A slowdown in US sales of Harley-Davidson's iconic motorcycles hit third-quarter earnings and sent its shares skidding to a nearly three-year low on Tuesday.
After a solid rebound from the 2008 financial crisis, the company admitted the air has gone out of sales growth and said it would lay off a part of its 6,500 workforce as its tries to strengthen marketing both domestically and internationally.
In the third quarter, Harley sold 72,178 new motorcycles, more than 1,000 fewer than a year ago, with all of the decline in US sales. For the first nine months of 2015, bike sales were down more than 3,000 units to 217,770.
That turned into a 6.5 percent fall in net income, to $140 million, for the third quarter and a 7.8 percent decline to $710 million for the nine months.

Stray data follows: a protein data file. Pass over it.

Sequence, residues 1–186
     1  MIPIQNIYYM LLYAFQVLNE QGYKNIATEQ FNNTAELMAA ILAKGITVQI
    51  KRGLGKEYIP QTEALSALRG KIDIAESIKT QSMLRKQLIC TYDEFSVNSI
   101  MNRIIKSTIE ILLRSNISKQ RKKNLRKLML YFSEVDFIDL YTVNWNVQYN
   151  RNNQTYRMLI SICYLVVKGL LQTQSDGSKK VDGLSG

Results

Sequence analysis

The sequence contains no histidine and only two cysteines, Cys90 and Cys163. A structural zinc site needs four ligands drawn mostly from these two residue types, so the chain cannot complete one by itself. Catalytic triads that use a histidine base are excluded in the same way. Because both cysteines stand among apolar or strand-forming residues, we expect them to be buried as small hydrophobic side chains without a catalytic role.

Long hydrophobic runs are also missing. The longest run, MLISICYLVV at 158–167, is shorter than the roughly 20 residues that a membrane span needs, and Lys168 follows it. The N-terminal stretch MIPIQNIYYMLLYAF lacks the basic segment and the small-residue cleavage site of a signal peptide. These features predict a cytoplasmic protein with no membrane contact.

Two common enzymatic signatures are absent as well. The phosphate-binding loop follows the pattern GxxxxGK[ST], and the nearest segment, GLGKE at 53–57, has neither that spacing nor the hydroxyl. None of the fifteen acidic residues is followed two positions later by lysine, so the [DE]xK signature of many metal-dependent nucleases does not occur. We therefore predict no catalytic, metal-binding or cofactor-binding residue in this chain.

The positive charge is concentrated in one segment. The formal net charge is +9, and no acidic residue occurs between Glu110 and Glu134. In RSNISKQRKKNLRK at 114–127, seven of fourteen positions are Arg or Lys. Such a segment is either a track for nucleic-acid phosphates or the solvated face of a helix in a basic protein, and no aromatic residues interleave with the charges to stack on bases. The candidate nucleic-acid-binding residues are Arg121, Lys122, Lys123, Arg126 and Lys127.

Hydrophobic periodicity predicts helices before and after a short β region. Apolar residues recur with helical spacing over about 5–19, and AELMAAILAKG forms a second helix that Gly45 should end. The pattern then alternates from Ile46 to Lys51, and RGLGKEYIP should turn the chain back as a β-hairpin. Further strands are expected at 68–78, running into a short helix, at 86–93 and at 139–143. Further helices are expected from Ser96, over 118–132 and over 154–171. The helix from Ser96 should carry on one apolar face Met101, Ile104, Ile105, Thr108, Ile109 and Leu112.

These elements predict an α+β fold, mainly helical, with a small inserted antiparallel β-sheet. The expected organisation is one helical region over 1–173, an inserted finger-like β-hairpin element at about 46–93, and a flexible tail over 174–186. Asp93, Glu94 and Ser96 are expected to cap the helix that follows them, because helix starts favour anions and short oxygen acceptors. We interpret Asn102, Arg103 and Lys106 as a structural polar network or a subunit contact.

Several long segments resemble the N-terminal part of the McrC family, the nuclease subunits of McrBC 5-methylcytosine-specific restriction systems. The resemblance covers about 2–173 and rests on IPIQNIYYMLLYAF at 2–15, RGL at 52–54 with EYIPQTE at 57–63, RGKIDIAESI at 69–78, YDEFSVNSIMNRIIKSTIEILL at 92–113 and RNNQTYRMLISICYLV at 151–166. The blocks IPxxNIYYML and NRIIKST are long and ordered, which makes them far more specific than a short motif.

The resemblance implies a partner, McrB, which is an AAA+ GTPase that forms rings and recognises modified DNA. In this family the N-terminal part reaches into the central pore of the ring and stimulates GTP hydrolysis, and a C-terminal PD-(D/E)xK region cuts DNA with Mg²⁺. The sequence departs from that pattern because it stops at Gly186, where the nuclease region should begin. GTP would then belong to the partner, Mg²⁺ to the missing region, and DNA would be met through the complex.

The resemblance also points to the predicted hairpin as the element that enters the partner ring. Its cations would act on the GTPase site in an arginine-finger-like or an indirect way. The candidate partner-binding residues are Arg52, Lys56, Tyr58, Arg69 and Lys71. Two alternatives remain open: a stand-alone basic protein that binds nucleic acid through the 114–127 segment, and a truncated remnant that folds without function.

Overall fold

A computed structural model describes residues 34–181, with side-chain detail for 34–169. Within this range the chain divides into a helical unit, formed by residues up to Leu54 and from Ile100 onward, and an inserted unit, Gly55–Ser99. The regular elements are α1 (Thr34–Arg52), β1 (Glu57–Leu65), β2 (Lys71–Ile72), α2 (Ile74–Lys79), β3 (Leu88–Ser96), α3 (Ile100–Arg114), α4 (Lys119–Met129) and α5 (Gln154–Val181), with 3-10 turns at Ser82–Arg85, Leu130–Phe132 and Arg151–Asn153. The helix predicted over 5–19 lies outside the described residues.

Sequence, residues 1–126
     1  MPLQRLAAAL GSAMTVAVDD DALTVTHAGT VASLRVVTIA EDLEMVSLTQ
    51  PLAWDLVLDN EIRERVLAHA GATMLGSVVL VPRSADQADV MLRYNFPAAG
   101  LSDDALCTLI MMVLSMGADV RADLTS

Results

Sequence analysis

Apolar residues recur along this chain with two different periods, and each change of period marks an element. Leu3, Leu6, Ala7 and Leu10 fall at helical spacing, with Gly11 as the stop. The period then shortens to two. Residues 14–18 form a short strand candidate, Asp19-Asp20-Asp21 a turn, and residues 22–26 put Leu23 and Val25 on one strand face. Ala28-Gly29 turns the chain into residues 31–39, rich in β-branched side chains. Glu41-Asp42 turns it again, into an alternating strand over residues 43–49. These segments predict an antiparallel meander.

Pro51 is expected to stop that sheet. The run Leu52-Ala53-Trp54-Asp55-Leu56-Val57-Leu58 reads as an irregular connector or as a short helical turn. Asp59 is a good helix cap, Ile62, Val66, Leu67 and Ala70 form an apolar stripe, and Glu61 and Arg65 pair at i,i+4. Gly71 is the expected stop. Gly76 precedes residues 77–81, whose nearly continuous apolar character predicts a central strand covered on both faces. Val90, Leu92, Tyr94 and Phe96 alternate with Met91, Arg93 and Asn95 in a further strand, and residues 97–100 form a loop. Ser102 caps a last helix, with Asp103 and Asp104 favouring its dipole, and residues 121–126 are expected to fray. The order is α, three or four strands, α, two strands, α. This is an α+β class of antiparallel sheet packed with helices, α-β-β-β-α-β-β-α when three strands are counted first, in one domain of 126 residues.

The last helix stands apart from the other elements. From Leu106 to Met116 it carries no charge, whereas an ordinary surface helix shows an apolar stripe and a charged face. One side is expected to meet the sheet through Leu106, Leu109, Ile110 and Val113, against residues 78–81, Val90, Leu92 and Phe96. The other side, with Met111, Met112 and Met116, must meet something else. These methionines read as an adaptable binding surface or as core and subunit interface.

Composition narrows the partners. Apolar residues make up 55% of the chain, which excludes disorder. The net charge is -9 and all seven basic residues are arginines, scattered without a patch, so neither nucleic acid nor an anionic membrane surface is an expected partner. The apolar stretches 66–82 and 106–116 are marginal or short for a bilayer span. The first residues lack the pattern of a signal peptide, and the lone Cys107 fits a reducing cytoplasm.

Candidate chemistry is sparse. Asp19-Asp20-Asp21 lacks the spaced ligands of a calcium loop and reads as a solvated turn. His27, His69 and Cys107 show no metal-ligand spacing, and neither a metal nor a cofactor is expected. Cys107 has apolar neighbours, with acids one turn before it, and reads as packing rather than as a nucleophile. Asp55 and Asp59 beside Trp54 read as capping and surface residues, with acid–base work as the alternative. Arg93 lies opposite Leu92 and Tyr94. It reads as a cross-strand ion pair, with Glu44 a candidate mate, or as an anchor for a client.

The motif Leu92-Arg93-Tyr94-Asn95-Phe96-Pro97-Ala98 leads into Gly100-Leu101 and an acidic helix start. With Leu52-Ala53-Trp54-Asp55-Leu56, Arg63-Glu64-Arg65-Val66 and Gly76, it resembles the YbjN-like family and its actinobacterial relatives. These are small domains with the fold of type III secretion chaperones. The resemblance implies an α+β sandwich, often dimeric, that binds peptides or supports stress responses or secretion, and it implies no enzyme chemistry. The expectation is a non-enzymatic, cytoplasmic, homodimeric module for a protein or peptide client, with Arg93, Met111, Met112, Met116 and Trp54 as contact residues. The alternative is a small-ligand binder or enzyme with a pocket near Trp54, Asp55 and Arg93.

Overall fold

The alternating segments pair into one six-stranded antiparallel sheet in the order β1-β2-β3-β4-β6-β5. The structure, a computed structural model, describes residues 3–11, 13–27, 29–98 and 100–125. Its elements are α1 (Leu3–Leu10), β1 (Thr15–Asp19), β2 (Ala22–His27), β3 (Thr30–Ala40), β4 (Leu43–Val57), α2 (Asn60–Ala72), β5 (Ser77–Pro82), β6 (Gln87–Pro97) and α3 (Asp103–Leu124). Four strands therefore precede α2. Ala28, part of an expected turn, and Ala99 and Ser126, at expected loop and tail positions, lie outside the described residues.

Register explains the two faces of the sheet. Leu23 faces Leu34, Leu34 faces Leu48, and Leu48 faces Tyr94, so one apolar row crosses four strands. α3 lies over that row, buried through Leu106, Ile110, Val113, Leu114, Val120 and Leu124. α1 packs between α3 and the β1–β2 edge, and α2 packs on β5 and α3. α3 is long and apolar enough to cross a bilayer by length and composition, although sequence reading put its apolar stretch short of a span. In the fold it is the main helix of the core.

Harley shares tumbled 16.1 percent to $47.02 in midday trade, hitting a level last seen in late 2012.
Founded in 1903, the Milwaukee, Wisconsin-based company's bikes, fondly called Hogs, represent the soul of American motorcycling. But, despite soaring US auto sales, Harley's market has stagnated the past two years, and sales remain well below the peak of 350,000 bikes in 2006, before the financial crisis.
The Asia-Pacific region, excluding Japan, has been the company's saving grace, with sales over the first nine months of the year up 16.9 percent, or by more than 2,300 units.
Harley's reputation for quality has taken a hit, too, with recalls that have cost it $32 million so far this year.
Cutting the company's forecast for the year, chief executive Matthew Levatich warned that it expects more competition going forward, and plans to invest more in both product development and marketing "to maintain the premium nature of the brand."
"We've also had some headwinds of our own making such as product availability and voluntary recalls," he told analysts in a conference call.
"We fully recognize we have to raise our game.... I want to be crystal clear. The path forward will play out over a number of years."